New York Times raises new charges against German intelligence
2 March 2006
A month before the Iraq war began, the German Intelligence Service (BND) is alleged to have handed over a copy of Saddam Hussein’s plan for the defence of Baghdad to American military commanders. The claim was made by the New York Times this Monday, based on a secret report by the US supreme command.
The report immediately unleashed a fiery controversy. The German Intelligence Service and the government categorically denied the truth of the report. A BND spokesperson said the German agents stationed in Baghdad had neither procured nor passed on the plan to the US: “Both [claims] are not correct, both do not apply.” Government spokesman Ulrich Wilhelm explained that German agents were unaware of the defence plan for the Iraqi capital and therefore could not have passed it on to the US.
New York Times executive editor Bill Keller responded with a statement on Tuesday, revealing that the article written by defence expert Michael R. Gordon was based on a secret study by the American supreme command (Joint Forces Command) on Iraqi military strategy from 2005. With regard to the issue of German collaboration, this study, Keller wrote, is “explicit and unqualified”
Keller then quoted directly from the secret study, which states that on February 3, 2003 in Qatar, a “German LNO” (liaison officer) passed on a sketch of the Iraqi defence strategy to the US military secret service (DIA). This was then passed on to US military headquarters led by General Tommy Franks.
The sketch is said to have been drawn up on December 18, 2002 at a meeting between Saddam Hussein and his military commanders to discuss a new defence plan. “The Germans had two agents operating in Baghdad prior to the start of the war. The overlay was provided to the Germans by one of their sources in Baghdad (identity of the German source unknown),” according to the study by the Joint Forces Command.
The New York Times defence expert Gordon attaches great importance in his article to this sketch. “The plan gave the American military an extraordinary window into Iraq’s top-level deliberations, including where and how Mr. Hussein planned to deploy his most loyal troops,” he writes.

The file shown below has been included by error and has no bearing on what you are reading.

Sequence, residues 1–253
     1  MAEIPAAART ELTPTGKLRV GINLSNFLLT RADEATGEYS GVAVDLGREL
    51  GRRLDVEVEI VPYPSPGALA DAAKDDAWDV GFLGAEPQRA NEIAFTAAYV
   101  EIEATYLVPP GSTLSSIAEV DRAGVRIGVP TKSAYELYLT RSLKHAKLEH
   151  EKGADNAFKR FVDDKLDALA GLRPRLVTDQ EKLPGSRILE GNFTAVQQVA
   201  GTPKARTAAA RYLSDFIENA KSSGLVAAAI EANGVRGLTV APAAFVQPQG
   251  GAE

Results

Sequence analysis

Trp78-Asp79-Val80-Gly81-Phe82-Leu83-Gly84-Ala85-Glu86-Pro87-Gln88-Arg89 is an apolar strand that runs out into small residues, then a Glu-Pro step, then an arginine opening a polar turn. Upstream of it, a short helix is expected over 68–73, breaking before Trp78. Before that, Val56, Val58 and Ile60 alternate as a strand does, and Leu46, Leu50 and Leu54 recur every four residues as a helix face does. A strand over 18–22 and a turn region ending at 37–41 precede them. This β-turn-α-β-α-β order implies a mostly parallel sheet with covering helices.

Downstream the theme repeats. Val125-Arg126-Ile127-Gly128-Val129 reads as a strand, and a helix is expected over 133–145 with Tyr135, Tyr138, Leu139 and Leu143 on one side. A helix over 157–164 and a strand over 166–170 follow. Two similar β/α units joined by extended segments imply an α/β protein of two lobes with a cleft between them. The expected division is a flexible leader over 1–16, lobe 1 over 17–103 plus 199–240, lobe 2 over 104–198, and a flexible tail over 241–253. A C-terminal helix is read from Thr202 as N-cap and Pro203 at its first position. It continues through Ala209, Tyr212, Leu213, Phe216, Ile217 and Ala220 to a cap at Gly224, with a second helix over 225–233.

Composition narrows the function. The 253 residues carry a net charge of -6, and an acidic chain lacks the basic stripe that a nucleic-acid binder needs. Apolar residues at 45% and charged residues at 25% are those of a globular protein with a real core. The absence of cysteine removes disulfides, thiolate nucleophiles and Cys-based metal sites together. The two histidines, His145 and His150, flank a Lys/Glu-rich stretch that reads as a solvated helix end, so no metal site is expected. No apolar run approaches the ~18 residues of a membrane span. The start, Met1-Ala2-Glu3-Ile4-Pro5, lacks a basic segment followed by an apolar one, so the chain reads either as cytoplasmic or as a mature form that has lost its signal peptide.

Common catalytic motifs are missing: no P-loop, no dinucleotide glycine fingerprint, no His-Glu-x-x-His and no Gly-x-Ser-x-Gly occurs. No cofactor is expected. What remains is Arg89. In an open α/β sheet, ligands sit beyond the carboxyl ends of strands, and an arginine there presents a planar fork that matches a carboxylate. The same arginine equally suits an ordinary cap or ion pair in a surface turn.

If the exposures in the New York Times are accurate, the German Intelligence Service and Germany’s former Social Democratic-Green Party government were much more deeply involved in the Iraq war than they care to admit. Over the past few months, it had already become clear that the government led by Social Democratic Chancellor Gerhard Schröder co-operated closely with the US government despite his official rejection of the war.
Last summer, in the case of a German army officer who refused to obey orders, the German Administrative Court concluded that, with its support for the Iraq war, the German government had supported a military action in violation of international law The court referred in particular to the use of US military facilities on German soil and the granting of flyover rights for American and British military aircraft.
Then, in the middle of January, a German TV program and the Süddeutsche Zeitung reported on the activities of two German Intelligence agents stationed in Baghdad during the war, who allegedly identified targets for advancing American troops. The government admitted the existence of the two agents and the passing on of information to US officials, but claimed that the relevant data did not contain military targets, but rather dealt exclusively with the identification of institutions to be protected - hospitals, embassies etc.
In order to head off the call for a parliamentary commission of inquiry, the government agreed to present a comprehensive report on the issue to the Parliamentary Control Committee (PKG), which meets in secret. Last Thursday, the PKG concluded its hearings, and the government even published part of the classified report that it had submitted to the committee. This document included an admission that the coordinates of buildings in Baghdad were passed on to the US—something which the government had previously denied. It maintained, however, that no information of military significance was supplied to Washington.